Tag Archives: Hypnotherapy For Insomnia

Overcoming Insomnia


We have already seen that those of us who have experienced significant childhood trauma are at increased risk of developing insomnia.

Fortunately, however, with an increasing amount of research being conducted into the condition, we are learning more and more about how we can overcome it. I provide a list of the main ways the experts suggest we deal with insomnia below:

1) Remind ourselves that insomnia is a common complaint and that it does not do as much harm as many people think

2) Remind ourselves that it is eminently treatable and does not need to be a long-term condition

3) Turn off the light as soon as we go to bed and ensure the room is as dark as possible. The reason for this is that the darkness helps the body produce more of the ‘sleep hormone’ melatonin.

In connection with this it should be noted that ‘blue light’ is especially disruptive to sleep. Unfortunately, gadgets such as computers, tablets and smart phones emit such blue light so it follows that we should refrain from using such gadgets directly before we go to bed.

Indeed, research now shows that wearing amber tinted glasses (which block out blue light) can improve not just our sleep, but also our mood.

Finally, in relation to the effects of light on sleep, it has been found that individuals who feel the need to have a night light switched permanently on, perhaps because they suffer from nightmares/ night terrors, may benefit from one that emits red light; this is because red light does not adversely affect the body’s production of melatonin.

4) Only go to bed when sleepy (hopefully, this will lead to a mental association between bed and sleep – but to help make this happen, it will also be necessary to stick to point number 5, below).

5) If you’ve been lying in bed awake for more than 15 minutes, get up and do something relaxing.

6) Research suggests that the ideal room temperature in which to sleep is approximately 18 degrees Celsius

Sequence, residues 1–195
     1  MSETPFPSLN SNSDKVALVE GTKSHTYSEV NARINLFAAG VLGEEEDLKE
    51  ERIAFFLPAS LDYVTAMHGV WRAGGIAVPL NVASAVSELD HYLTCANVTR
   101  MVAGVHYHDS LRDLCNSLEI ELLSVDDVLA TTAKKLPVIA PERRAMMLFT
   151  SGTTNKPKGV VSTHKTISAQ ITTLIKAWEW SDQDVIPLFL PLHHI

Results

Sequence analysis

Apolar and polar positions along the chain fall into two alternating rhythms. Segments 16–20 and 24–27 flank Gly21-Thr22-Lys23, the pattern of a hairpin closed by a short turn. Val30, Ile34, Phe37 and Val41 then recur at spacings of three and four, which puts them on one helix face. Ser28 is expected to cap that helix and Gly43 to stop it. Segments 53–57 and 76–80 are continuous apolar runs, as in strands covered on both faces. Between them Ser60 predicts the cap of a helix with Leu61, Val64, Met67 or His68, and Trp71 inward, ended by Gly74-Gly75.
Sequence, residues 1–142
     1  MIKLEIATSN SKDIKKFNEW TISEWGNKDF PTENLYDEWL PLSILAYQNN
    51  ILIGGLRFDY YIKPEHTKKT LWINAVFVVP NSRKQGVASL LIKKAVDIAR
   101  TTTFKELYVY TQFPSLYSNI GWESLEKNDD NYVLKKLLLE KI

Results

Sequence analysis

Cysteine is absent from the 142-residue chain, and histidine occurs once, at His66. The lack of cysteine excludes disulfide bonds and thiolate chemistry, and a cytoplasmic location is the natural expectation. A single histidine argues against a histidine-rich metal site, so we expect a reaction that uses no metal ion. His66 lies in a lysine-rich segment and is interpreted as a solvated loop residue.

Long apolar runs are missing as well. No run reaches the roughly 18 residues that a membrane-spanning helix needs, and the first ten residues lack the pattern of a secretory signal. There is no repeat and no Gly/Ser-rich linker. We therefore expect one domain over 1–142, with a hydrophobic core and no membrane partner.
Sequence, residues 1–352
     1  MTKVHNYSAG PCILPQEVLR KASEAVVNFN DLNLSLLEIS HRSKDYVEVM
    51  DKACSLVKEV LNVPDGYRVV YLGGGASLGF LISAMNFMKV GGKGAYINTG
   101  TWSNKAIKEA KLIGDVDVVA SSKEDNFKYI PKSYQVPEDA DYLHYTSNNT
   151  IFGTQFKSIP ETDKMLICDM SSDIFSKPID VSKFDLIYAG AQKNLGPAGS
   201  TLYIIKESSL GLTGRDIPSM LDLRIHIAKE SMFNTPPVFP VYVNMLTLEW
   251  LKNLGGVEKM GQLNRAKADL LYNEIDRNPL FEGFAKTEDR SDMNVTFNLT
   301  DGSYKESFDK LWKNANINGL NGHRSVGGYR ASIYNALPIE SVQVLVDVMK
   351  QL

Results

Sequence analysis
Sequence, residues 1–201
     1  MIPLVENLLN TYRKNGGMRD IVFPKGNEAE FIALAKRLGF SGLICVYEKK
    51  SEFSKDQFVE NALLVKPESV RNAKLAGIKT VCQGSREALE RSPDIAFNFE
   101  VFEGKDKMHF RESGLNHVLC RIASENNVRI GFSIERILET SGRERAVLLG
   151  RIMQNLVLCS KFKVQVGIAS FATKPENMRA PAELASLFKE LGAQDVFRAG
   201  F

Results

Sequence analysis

7) Psychologically, it helps anxious/fearful type individuals to feel extra-safe in their bedroom which may be achieved, for example, by fitting a strong lock to the bedroom door.

8) It is well known, of course, that taking at least moderate exercise during the day helps one to sleep well at night; in this respect, T’ai chi and yoga may be of particular benefit.

9) A small amount of carbohydrate (say, 200-250g) before going to bed can have a relaxing and soporific effect.

10) Research suggests that a room humidity of about 65% is optimum for most people.

11) Many people lie in bed at night worrying about what they have to do the next day. Therefore, making a ‘to do’ list before going to bed and then telling yourself you now don’t need to think about it again until the next day can be helpful in preventing nocturnal fretting.

12) Try aromatherapy (eg spray some lavender aroma on your pillow)

13) Try visualization techniques

14) Try to concentrate on thinking about positive things (such as happy memories)

15) If negative or distressing thoughts intrude, try a thought blocking technique such as mentally repeating a neutral word such as ‘the’.

16) Trying desperately to sleep, of course, does not work. Paradoxically, trying to stay awake can help to induce sleep.

17) Remind yourself that, even though you are not asleep, the rest is still doing you good.

Resources :

Insomnia Beater Pack


David Hosier BSc Hons; MSc,; PGDE(FAHE).